A clear, strong sense of brand unifies our community to achieve our mission.
Our Name: ServiceCorps
Service: Hard work in the service of others stretches us to discover our best selves in a way that service to self never can. We believe that service creates better leaders and better leaders create a better world.
Corps: Maturity and wisdom are achieved when we choose values over objects and the long-term over the ephemeral. We believe that there are no short-cuts to positive transformation. For us, the long-term impact is of our alumni community, The Corps. As more and more of our Fellows graduate to become Corps Members, our impact increases exponentially.
Service + Corps: Together, these words define a long-term, immersive service experience that has the power to transform the emerging professionals of today into the socially engaged leaders of tomorrow.
Our Tagline: "Leadership For Good"
Profit without purpose is like a ship without a rudder. Likewise, leadership in and of itself is neither positive nor negative. ServiceCorps is in the business of building better leaders--more socially conscious leaders.
Our Color: Glow Stick Green
Our color is taken from what might seem to be the most unlikely of sources, the Glow Stick. What seems like an ordinary object at first glance is actually an extraordinary little tool that has been used in countless police, fire, and rescue operations since it was first introduced in the the 1960s. For those most in need, often it was the light of the irrepressible Glow Stick that bridged the gulf between darkness and daylight. To us, Glow Stick Green reflects our people-centered army of change-agents that once turned on, can't turn off. One who gives (light), will give again.
Our Logo: Rambam's Ladder
ServiceCorps' logo embodies the very essence of our mission-focused organization. It is the cornerstone of our brand equity and thus demands a high level of respect wherever it is intentional used. It is both powerful and subtle, iconic and intriguing.
Our logo, known as Rambam's Ladder, is a deconstructed 8-rung ladder that was inspired by Rabbi Moses Maimonides, (also known as the Rambam). Maimonides was a 12th century Jewish scholar who conceived of one of the earliest frameworks for philanthropy, known as the Eight Levels of Giving, . For Maimonides, the highest level of charitable giving enables the recipient to achieve self-sufficiency: "Teach a man to fish."
We believe that just as there are levels of charitable giving, there are also ascending levels of service. [We think of service not only in terms of physical service, but in terms of social impact more broadly: donations, volunteering, civic engagement, influence on networks, intrapreneurship, etc.]
For us, the highest level of service is that which is meaningful, habitual, increasing in quantity and sophistication over time, and is actively demonstrated as an example for others to emulate: "One who served will serve again."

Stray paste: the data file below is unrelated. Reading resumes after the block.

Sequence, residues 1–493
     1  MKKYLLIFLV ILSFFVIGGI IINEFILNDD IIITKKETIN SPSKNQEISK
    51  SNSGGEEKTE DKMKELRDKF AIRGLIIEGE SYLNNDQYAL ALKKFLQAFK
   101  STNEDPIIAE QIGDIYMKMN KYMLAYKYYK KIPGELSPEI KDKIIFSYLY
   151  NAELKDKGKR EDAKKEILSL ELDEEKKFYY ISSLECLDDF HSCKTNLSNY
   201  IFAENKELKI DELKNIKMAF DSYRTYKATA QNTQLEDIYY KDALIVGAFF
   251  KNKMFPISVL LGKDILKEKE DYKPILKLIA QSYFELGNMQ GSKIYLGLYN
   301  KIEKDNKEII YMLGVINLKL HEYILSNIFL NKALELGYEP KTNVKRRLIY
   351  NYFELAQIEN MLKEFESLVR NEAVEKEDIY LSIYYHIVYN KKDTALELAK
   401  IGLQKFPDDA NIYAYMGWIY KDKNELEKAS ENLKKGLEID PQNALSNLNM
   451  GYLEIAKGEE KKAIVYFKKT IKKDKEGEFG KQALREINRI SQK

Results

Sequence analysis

The nonlinear nature of the Rambam's Ladder symbolizes the reinvented career path and the necessity of cross sector collaboration. As Sheryl Sandberg opined during a graduation speech, the career path is no longer a ladder, it's a "jungle gym." Wherever that path may lead, we believe that it should begin with service.
The Rambam's Ladder logo embodies the very essence of ServiceCorps' mission-focused organization. It is the cornerstone of our brand equity and thus demands a high level of respect wherever it is intentional used. It is both powerful and subtle, iconic and intriguing.
First Rung: “Unwilling, Prompted Social Impact” Social impact is given grudgingly, after being asked.
Second Rung: “Inadequate, Prompted Social Impact” Social impact is small, but is given cheerfully after being asked.
Third Rung: “Adequate, Prompted Social Impact” Social impact is meaningful, after being asked.
Fourth Rung: “Inconsistent Social Impact” Social impact is meaningful, but not consistent.
Fifth Rung: “Compound Social Impact” Social Impact is meaningful and habitual.
Sixth Rung: “Accelerating Compound Social Impact” Social Impact is meaningful, habitual, and increasing over time.
Seventh Rung: “Smart, Accelerating Compound Social Impact” Social Impact is meaningful, habitual, and increasing in quantity and sophistication over time.
Eighth Rung: “Exponential Compound Social Impact” Social Impact is meaningful, habitual, increasing in quantity and sophistication over time, and is actively demonstrated as an example for others to emulate.
Our Uniform: The Rambam's Ladder Patch and the 5th Pocket
When you think of uniform, what comes to mind? Perhaps the scrubs worn by doctors and nurses. Or the courtroom wigs and robes British judges and lawyers. Within the national service sector, the iconic red jackets of City Year comes to mind.
ServiceCorps is not like other organizations, nor is our uniform. The ServiceCorps uniform is a simple patch debossed with the Rambam's Ladder logo and sewed partially inside of the pants pocket (preferably on the 5th pocket when worn with pants that have such a pocket).
As the story goes, founder Matt Ronen was down to ServiceCorps' last $300 dollars, which he kept in his 5th pocket for an emergency. But when he reached for the money, it was gone. Matt felt horrible with the realization of the lonely struggle that lay ahead. Nonetheless, Matt sewed a patch onto his jeans, thus sealing the 5th pocket, and vowed to never let a future ServiceCorps member feel alone and without resources again.
Somehow, ServiceCorps persevered and today all Fellows wear the Rambam's Ladder patch on their pants as a personal reminder that the strength of ServiceCorps lies not in some finite emergency reserve, but in the bottomless power of the ServiceCorps network. Externally, the partially visible patch communicates to partners and beneficiaries that those who wear the Rambam's Ladder are putting service first.